She went to work on a machine that has always reminded me of standing on a bridge as a child and dropping yellow peel down off the edge, as a giant metal serpent slithers beneath me. Those were thrilling times. That was an entire world away from the here and now, and I am so different I no longer recognise the person I have become.
I was asked if I wanted something added to the liquid.
I nodded again. The nod worked last time. I was hoping that I wouldn’t have to use it a third time. No one is that lucky. I was handed the hot liquid. I smiled then. I had what I had come for. I turned towards a table.
There is a way of saying those words that is a challenge and this was a challenge alright. I was loathed to turn back around, but I did so all the same. I was trembling. The game was up. I was right back in that village and I fully expected to see the business end of a rifle staring me in the eye. No one tells you what that is like, how large that dark, foreboding hole is and how it threatens to suck you in and take you from this life. No one tells you because they can’t. And if they did, you would not understand. You would not understand one bit of it.
I stood as still as a strawcurrant jelly and I awaited my fate.
“You haven’t paid,” the girl told me.
She looked a bit annoyed. For my part, I wished she didn’t, but if wishes were trees then I’d be a bird. I stood there, trying to work out what I should do.
“You’re spilling it,” this was from the next woman in the line. She took the liquid container and placed it on a nearby table, “it’s OK, love. I’ll pay for that.”
I said thank you, but she was busy paying and had her back to me. I may as well have been thanking a betting box. I didn’t think I wanted the hot liquid then. It was too much bother. I felt upset and all I wanted to do is go home.
I sat down at the table anyway. The thought of home upset me and I didn’t know what to do for the rest. So many things upset me these days. It wasn’t always like this, but then I am not who I once was. I took a wrong turn somewhere along the way, but I didn’t know I was lost until it was far, far too late to turn back around.
Not that you can. Life is a one way beat and music isn’t yours to conduct.
I drank the warm liquid absently. It wasn’t what I wanted after all. There was no disappointment though, instead I smiled. I smiled at a familiar phrase that swam up from the murky depths and greeted me like an eager frog.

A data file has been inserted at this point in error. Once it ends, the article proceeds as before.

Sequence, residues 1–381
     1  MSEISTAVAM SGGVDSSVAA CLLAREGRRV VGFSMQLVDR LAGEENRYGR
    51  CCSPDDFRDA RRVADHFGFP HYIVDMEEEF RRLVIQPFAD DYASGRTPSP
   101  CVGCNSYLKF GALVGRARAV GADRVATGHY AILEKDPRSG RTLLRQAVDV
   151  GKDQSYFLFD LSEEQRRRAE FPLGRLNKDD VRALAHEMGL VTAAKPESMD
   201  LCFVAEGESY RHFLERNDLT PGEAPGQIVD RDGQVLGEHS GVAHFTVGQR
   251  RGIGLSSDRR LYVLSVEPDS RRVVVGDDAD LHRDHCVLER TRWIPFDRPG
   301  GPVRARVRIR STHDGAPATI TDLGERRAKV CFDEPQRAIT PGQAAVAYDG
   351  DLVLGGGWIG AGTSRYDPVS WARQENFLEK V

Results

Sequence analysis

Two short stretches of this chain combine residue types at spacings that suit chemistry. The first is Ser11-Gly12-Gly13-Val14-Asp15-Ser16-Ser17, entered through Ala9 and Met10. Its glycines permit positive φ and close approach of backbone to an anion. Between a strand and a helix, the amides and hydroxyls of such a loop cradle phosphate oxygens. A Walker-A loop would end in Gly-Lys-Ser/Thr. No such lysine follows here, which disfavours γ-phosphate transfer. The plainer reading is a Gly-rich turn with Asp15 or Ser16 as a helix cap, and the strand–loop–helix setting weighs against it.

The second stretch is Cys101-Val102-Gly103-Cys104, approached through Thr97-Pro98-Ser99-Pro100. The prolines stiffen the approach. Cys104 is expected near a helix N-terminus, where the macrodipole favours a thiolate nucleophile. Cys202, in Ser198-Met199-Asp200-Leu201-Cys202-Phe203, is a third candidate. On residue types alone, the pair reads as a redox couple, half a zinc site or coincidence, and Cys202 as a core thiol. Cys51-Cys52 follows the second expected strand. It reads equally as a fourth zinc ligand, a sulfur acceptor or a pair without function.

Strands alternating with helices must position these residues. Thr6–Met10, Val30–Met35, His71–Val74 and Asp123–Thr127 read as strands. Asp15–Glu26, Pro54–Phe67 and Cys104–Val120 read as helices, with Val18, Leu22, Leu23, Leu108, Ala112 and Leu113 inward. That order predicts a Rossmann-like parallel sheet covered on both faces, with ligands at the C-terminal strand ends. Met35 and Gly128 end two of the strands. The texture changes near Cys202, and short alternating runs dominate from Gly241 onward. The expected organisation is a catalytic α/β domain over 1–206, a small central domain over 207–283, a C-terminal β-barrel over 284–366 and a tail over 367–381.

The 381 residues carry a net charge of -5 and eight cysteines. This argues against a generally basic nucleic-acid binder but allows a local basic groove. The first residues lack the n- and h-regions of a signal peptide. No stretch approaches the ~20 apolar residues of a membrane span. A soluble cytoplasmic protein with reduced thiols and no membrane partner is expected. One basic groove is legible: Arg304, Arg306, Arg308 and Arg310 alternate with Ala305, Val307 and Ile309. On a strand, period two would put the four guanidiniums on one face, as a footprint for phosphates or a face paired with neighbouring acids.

As long as it’s warm and wet.
I heard those words so many times that they are etched upon my memory. She used to say that every time I asked if she’d like me to make her a drink. I had words that I would say back to her. What were they? My stomach started to tie itself into a scarf. If I had to think too hard those words would denude me however well I wrote them down in my mind.
You’re easily pleased!
There they were! That was the ticket! Oh joy of joys!
I finished my drink and I left that place with the metal machine hissing at me as though I didn’t belong there and it wanted me gone. I didn’t look back, I had places to go and people to see.
I walked along the pavement and I began whistling a haunty tune. I used to whistle all of the time when I was younger. I whistled a tune that I knew off by head, but I didn’t recognise the sound of it as it escaped my puckered, dry nose.
“Oy! Watch where you’re going!”
That really hurt. My shoulder hurt like Bellamy. He walked right into my shoulder. My breath. It was difficult to breath. I needed to lean against this wall for a moment. Just a hand. On the wall. To get my breath back.
Well what a to do! How did I get down here?
It’s a long time since I looked up at the sky. It never ceases to be a beauty.
Shame it’s so noisy. What is it with all the noise?
Move out of the way! Can’t you see I’m looking up at the sky!?
Think I’ll just close my eyes for a while.
Fish swimming above me in a red tinged sea. You don’t see that every day.
“Maggie… Why did you go? I missed you so much when you went… And I’ve missed you every day since. I’ve been so sad.”
“Now how about a cuppa?”
You’re easily pleased!